Dinner begins with the interlude. As the pianist plays a concerto, the chairs are pulled back, their legs sliding along the surface of the black and cream marble floor. The parties are seated, the chairs now pushed in, and Chef Stefano Zaninelli, the Milanese mastermind of the kitchen at Don Giovanni, pays a visit. His sense of humour is as redolent of his Italian upbringing as his dishes are. “I never eat foie gras,” he says with a laugh, “that’s why I keep people around me: to try my food.”
Although a veteran of the foreign circuit, Zaninelli’s concept rarely strays from traditional Italian. The menu is full of home-style recipes. Along with the neo-classical décor, the chef’s culinary approach lends Don Giovanni a decorous air befitting its operatic name.
It’s a shame that the chef doesn’t like foie gras; it means he never enjoys his own, and he certainly knows how to cook it. A starter of pan-fried foie gras on wild mushrooms, topped with grilled Williams pears and a bouquet of rocket, covered with a Marsala wine and truffle sauce reduction (B850), is luscious, awash in a medley of juices. With its richness cut by the fruit’s sugar and acid, the dish remains on the lighter side of decadence.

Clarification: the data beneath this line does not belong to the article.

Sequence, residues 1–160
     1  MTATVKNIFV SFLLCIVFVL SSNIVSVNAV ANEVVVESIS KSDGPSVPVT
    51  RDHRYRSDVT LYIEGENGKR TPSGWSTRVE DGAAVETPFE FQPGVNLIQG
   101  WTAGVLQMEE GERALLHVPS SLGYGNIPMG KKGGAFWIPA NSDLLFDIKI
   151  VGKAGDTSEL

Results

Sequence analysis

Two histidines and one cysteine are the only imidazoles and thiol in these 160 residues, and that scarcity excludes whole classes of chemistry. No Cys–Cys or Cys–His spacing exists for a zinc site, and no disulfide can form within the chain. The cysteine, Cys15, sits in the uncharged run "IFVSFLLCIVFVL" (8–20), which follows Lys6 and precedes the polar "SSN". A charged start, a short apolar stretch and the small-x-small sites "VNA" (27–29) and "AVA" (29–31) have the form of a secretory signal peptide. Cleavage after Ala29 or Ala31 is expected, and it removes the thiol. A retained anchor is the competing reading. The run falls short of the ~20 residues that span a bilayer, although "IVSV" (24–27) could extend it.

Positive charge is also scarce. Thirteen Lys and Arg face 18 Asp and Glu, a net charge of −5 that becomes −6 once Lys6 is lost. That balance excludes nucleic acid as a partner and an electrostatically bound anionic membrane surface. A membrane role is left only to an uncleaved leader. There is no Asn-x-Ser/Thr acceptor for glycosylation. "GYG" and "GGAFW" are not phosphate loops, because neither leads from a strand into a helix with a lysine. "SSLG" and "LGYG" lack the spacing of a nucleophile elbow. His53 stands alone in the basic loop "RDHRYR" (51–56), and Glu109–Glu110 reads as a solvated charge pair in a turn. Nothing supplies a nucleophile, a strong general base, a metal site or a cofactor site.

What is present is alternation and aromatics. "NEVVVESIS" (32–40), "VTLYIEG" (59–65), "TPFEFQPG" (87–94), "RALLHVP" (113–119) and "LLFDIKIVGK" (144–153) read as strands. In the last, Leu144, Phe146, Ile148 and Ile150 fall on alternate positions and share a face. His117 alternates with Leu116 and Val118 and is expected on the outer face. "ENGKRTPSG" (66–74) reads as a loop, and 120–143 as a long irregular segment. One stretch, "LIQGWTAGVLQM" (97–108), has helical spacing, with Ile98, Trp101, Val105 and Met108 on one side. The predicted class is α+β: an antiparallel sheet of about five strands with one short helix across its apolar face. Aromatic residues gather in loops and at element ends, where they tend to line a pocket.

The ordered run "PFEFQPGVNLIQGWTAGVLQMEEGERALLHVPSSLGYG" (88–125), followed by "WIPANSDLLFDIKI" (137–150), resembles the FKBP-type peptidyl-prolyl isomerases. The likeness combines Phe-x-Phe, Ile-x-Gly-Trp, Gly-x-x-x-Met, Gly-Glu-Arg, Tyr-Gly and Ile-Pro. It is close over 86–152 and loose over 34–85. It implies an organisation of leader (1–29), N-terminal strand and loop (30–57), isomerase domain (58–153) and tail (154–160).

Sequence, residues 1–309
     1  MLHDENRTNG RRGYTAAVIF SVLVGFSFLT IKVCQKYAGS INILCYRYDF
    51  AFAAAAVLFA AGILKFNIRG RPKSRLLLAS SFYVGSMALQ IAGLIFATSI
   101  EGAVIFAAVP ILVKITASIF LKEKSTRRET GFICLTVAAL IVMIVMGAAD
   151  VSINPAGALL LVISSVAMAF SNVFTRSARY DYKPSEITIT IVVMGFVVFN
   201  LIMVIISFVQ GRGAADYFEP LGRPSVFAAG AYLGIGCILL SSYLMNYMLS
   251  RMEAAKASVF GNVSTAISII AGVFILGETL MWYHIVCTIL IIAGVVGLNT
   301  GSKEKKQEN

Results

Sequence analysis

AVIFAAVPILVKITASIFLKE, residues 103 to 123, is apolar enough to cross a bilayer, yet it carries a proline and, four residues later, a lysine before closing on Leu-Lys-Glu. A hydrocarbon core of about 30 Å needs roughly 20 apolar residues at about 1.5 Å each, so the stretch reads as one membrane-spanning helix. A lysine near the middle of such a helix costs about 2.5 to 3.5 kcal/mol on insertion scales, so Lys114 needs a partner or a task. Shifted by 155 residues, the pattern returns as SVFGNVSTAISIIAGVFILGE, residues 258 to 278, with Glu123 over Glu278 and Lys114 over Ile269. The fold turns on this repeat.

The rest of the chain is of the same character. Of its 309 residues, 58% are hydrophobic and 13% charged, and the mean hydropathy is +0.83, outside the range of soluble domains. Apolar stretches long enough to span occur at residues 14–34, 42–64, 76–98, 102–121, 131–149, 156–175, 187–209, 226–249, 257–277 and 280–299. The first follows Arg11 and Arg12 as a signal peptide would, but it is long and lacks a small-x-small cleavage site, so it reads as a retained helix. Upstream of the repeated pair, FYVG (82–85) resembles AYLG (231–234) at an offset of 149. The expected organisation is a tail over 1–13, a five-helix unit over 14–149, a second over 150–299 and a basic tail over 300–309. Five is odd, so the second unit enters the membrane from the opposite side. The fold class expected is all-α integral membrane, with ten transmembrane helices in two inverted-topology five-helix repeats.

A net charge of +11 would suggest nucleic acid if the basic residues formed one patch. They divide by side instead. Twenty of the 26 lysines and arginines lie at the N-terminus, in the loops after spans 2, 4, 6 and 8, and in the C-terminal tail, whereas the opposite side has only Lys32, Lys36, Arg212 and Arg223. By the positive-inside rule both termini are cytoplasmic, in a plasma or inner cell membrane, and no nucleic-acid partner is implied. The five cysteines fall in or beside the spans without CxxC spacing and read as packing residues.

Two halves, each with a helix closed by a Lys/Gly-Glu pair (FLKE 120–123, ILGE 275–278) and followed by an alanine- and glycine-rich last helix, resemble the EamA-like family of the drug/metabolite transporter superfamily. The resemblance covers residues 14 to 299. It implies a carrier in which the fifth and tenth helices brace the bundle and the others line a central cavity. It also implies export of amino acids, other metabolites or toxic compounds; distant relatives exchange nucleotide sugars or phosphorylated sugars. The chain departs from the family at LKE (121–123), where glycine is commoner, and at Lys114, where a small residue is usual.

The foie gras kick continues as the menu eases into mains. Handmade half-moon ravioli, filled with summer truffle and potato concasse, and topped with pan-fried foie gras, Parmesan, and brown butter (B580), marries sharp and robust elements in a pocket of pasta bound by similar textures. The ingredients in the filling complement one another, but the foie gras, again, is the centrepiece.
Zaninelli has more up his sleeve than duck pâté, however. Squid ink risotto, coal black in hue and fringed with dollops of tomato basil sauce, a bed for pan-seared calamari and king prawns, (B760), brings the flavours of Naples to the fore. It’s a simple dish. The rice has the perfect bite, and the fresh brine of the seafood speaks for itself. Though less Italian than French, the pan-roasted Australian beef tenderloin topped with grilled tiger prawn (B1400) provides an interesting take on the surf and turf combination. One look is enough to make mouths water; a bite confirms the optimism. Underneath the succulent meat lie sautéed root vegetables and rosemary potatoes with morel sauce, a rare treat.
Tiramisu served in a cappuccino cup (B180) offers a twist at the end of a meal: it features dark chocolate rather than cocoa. As elegant as the surroundings, it’s a proper send-off.
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